- Avoid complexity. As humans we believe in complexity. We think complex is great, complex is best. It’s not. In large part we believe in complexity because it is easier to do so. It helps explain why our portfolio growth is modest, why we’re not hitting it out of the park with our trading. Truth is luck plays more of a role than complexity (read Fooled by Randomness by Nassim Taleb). The other issue with complexity is that it is easy to hide the fraud and diss naysayers. The reason I avoided Steinhoff is because I couldn’t get the balance sheet to balance nor the debt to reconcile to the balance sheet. I am no CA nor a rocket scientist, so I go for the easy and these two should be easy. But I couldn’t get them working so I just walked away. (Disclaimer, I did trade Steinhoff a few times, mostly in my momentum portfolio and can’t remember if I made money or not).
- As an aside, I hold a complex stock ~ Discovery (JSE code: DSY) and when Viceroy was threatening to come after a second JSE stock last year, I ran my eye down my list of stocks and figured Discovery was a potential candidate. Point is I hold the stock knowing it is complex. Knowing its accounts are beyond my ability. Knowing that maybe it’ll all collapse one day. I have built this understanding into my risk tolerance in that to is the only complex stock I hold and I cap the percentage weighting.
- Debt, always watch debt especially when paying top dollar for assets, such as the 100% premium offered for Mattress Firm. As Buffett said, debt is like Russian roulette. It’s fine until it’s not and then it is fatal. Know the debt ratios, watch them and compare to previous periods and their peers.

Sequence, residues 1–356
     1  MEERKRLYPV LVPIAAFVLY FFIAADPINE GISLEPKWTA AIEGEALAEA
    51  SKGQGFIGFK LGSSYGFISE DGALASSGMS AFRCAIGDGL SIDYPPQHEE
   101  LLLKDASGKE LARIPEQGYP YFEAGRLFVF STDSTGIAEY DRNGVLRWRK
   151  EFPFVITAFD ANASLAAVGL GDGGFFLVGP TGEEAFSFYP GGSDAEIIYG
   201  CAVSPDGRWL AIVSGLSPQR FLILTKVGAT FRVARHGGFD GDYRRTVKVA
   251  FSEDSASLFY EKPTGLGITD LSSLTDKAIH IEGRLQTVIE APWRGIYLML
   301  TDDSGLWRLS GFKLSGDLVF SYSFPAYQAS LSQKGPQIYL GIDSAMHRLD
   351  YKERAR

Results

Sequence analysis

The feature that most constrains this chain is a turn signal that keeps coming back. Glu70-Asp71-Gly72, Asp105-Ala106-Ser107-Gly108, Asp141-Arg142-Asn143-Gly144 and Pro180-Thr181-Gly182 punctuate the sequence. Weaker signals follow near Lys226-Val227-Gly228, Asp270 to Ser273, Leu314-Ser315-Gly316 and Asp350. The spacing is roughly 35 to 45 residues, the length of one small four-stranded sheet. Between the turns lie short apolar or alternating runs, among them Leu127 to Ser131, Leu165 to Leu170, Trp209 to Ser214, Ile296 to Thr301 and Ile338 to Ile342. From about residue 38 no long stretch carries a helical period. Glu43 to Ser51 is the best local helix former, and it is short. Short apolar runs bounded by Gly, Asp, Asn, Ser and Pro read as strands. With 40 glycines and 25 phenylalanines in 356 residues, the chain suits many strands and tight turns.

- Watch governance. Independent execs, are they really independent? Do we have a strongman CEO who has been there forever? Again a double edge sword, some such as Gore and Saad are important to the business. But so was Asher Bohbot to EOH, and now he’s gone. They’re great till they’re not. What we then need is a strong, diverse and truly independent board. Can a non-exec really be independent after ten years on the board?
- Denial is another issue that we should largely ignore. We’ve had two execs at parliament saying, no not us. Yet both are named in the report. Ask yourself, how many guilty people confess when first accused? How many ever confess even when finally convicted? Remember the chairman, Christo Wiese on the radio flatly denying concerns. Now he claims he didn’t know (and he is not named in the report), but then why the flat denial?
- Another aside. Why did the so smart Wiese sell his Pepkor holdings into the ponzi scheme in return for Steinhoff shares? Maybe as a rushed and easy way to offshore his money?
- Avoid falling darlings. We have lots of examples locally of once high flying darling stocks under severe price pressure. We missed them on the way up but now that they’re lower we’re buying, but they keep on falling. EOH R180 to under 2000c. Aspen (JSE code: APN) was over R400 now under R100. This is tough because sometimes the sell off does offer a great entry, but we need to be extra sure that the sell off is not the start of a collapse. Best way to do this is on a valuation and full understanding of the business. Aspen is maturing so the +30 PE levels were not reasonable and the price needed to come down while EOH was always built on using script as currency and that uravels as the price falls.
So what next? Well Steinhoff is bust, 100% bust. Sue they have some assets (such as c70% in Pepkor and Conforama and bankrupt Mattress Firm in the US) but the claims against the company are in excess of R200billion and current shareholders are last in line. The process will take a while, maybe a decade, and by the end there is nothing left for shareholders. If you’re holding or buying Steinhoff, understand you’re trading because you can’t invest in a share that’s going to zero.